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Not all Kurds on board with Kurdish independence vote

Some residents of Sulaimaniyah are fed up with the Iraqi Kurdistan government's poor management of the economy and may take their frustration out in the upcoming independence referendum.
Protesters, who are mostly school teachers, demonstrate on a street in Sulaymaniyah province, Iraq, against the Kurdish regional government for what the protesters said was a delay in payment of their salaries, due to the economic crisis in the Iraqi Kurdish region September 27, 2016.   REUTERS/Ako Rasheed   - RTSPOCJ

SULAIMANIYAH, Iraq — The majority of Kurdish parties agreed June 7 to hold a referendum for independence in September. While outside pressure to stop the controversial referendum has been constant, the deadliest blow might, however, come from within. Ordinary Kurds, in particular those in Sulaimaniyah, are angry about the government's mismanagement of the economy, and many appear ready to express their dissatisfaction in their approach to the referendum.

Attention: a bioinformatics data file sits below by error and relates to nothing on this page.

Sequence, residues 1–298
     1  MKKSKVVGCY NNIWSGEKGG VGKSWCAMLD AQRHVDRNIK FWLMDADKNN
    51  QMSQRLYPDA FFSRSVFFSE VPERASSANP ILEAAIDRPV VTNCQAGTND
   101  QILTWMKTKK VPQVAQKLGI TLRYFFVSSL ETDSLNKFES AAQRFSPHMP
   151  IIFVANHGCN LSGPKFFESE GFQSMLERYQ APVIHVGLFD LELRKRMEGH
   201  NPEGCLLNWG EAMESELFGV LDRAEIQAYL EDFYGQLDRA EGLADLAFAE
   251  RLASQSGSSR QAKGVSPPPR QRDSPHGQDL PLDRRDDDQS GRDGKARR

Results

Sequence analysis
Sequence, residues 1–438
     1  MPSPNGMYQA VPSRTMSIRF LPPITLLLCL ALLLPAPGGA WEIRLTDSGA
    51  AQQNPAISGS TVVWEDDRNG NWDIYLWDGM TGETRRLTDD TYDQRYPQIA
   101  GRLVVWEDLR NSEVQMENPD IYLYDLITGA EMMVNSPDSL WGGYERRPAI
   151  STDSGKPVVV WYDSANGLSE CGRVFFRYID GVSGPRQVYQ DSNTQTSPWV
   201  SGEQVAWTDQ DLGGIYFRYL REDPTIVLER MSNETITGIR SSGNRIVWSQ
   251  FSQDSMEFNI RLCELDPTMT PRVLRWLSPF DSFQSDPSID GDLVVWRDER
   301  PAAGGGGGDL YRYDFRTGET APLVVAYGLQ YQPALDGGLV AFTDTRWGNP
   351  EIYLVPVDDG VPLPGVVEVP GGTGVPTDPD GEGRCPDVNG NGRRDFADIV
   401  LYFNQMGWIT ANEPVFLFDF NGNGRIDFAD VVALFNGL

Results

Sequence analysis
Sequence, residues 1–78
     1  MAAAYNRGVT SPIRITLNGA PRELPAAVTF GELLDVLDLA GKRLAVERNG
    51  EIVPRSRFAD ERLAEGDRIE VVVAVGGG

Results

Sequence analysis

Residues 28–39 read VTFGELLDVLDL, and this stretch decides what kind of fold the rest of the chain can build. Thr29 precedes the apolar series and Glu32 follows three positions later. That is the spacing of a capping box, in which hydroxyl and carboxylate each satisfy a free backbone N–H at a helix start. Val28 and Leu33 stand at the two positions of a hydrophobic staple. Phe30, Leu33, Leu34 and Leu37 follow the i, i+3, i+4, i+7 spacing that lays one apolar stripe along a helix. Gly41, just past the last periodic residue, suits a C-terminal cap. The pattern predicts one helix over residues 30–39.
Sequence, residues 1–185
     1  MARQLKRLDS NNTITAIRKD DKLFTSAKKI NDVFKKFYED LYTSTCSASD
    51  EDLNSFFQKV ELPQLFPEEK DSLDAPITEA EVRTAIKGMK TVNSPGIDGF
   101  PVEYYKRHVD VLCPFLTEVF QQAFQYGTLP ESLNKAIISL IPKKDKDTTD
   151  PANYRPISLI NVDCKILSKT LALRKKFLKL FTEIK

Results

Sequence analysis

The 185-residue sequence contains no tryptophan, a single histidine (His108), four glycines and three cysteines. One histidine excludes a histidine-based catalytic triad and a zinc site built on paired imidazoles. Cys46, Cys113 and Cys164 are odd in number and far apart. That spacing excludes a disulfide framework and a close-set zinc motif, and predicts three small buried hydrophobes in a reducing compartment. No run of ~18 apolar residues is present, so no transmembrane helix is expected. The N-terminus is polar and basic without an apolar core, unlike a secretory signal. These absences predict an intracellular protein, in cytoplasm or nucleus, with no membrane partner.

Over the last two months, Al-Monitor has spoken with several dozen people, primarily in Sulaimaniyah, to gauge their views on the upcoming referendum. Those interviewed include police officers, teachers, peshmerga, shopkeepers, taxi drivers and civil servants, the overwhelming majority of whom reject the referendum outright. They consider it a ploy by the current leadership to distract attention from its failure to efficiently run the government and manage the economy for the last 25 years, since the establishment of the Kurdistan Regional Government (KRG) in 1992.

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